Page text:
In that “Introduction,” she also credits Bysshe for encouraging her to expand her story into a novel, and she refers to her work with a phrase that has become famous enough to serve as a title of other books about her and her work—my hideous progeny.[ii]
Most scholars agree that Mary embellished—even sanitized—that summer and its various doings. (They were a rowdy crew—Byron, Bysshe, Mary, Claire, Dr. Polidori.) But there is certainty, too, that there is a core of truth in Mary’s bright apple.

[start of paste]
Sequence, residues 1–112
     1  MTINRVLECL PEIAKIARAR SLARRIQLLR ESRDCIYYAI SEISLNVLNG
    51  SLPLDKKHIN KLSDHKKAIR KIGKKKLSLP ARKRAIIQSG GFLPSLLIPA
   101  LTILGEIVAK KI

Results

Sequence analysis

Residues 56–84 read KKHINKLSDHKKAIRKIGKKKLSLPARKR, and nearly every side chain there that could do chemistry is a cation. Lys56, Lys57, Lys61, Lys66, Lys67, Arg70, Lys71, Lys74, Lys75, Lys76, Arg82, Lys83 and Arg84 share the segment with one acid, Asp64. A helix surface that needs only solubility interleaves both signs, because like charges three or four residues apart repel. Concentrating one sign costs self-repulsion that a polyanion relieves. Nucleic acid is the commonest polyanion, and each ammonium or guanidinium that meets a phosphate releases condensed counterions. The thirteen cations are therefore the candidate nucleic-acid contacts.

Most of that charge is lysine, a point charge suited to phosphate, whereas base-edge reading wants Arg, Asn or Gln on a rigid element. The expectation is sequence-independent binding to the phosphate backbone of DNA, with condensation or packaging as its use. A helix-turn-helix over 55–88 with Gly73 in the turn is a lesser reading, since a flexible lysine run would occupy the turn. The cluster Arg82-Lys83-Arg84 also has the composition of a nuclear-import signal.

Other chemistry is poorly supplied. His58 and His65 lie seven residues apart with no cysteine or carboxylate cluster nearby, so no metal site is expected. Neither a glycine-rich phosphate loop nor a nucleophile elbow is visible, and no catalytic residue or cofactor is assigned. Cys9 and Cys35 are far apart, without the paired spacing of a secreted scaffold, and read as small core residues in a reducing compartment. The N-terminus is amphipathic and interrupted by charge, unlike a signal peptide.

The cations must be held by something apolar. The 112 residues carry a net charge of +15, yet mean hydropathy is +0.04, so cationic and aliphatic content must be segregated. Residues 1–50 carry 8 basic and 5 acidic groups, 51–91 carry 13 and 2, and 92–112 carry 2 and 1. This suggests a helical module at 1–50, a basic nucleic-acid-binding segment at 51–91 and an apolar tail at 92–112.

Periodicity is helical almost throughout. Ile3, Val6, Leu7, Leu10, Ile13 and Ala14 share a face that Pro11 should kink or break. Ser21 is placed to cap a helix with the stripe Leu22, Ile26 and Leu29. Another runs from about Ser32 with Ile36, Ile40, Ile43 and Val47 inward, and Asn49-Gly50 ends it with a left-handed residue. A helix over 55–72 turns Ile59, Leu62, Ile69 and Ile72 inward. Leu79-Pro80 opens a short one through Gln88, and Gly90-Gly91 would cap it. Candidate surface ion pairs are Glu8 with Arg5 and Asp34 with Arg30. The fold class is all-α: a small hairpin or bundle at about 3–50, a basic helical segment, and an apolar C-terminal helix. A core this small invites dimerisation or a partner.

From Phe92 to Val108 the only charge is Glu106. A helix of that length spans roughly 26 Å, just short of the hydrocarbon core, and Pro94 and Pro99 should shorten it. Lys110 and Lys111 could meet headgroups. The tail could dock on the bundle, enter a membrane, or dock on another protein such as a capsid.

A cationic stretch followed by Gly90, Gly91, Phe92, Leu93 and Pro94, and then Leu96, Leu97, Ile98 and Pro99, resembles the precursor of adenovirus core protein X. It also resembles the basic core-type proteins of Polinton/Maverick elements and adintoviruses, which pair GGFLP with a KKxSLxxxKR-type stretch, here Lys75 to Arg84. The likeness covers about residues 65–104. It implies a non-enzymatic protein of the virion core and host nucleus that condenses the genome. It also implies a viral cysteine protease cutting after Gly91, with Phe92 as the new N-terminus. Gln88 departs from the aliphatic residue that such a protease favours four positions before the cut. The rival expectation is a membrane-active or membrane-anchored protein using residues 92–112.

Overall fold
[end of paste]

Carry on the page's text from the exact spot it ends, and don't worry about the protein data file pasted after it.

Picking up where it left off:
[i] “Frankenstein; or, The Modern Prometheus,” The Novels and Selected Works of Mary Shelley, vol. 1 (London: William Pickering, 1996), 179.
[ii] Ibid., 180; on Amazon.com, search, using the title line, “hideous progeny,” and you will find quite a selection, including editor Steven Earl Forry’s Hideous Progenies: Dramatizations of Frankenstein from the Nineteenth Century to the Present (Philadelphia: U of Pennsylvania P, 1990). It’s a book I’ve used a lot.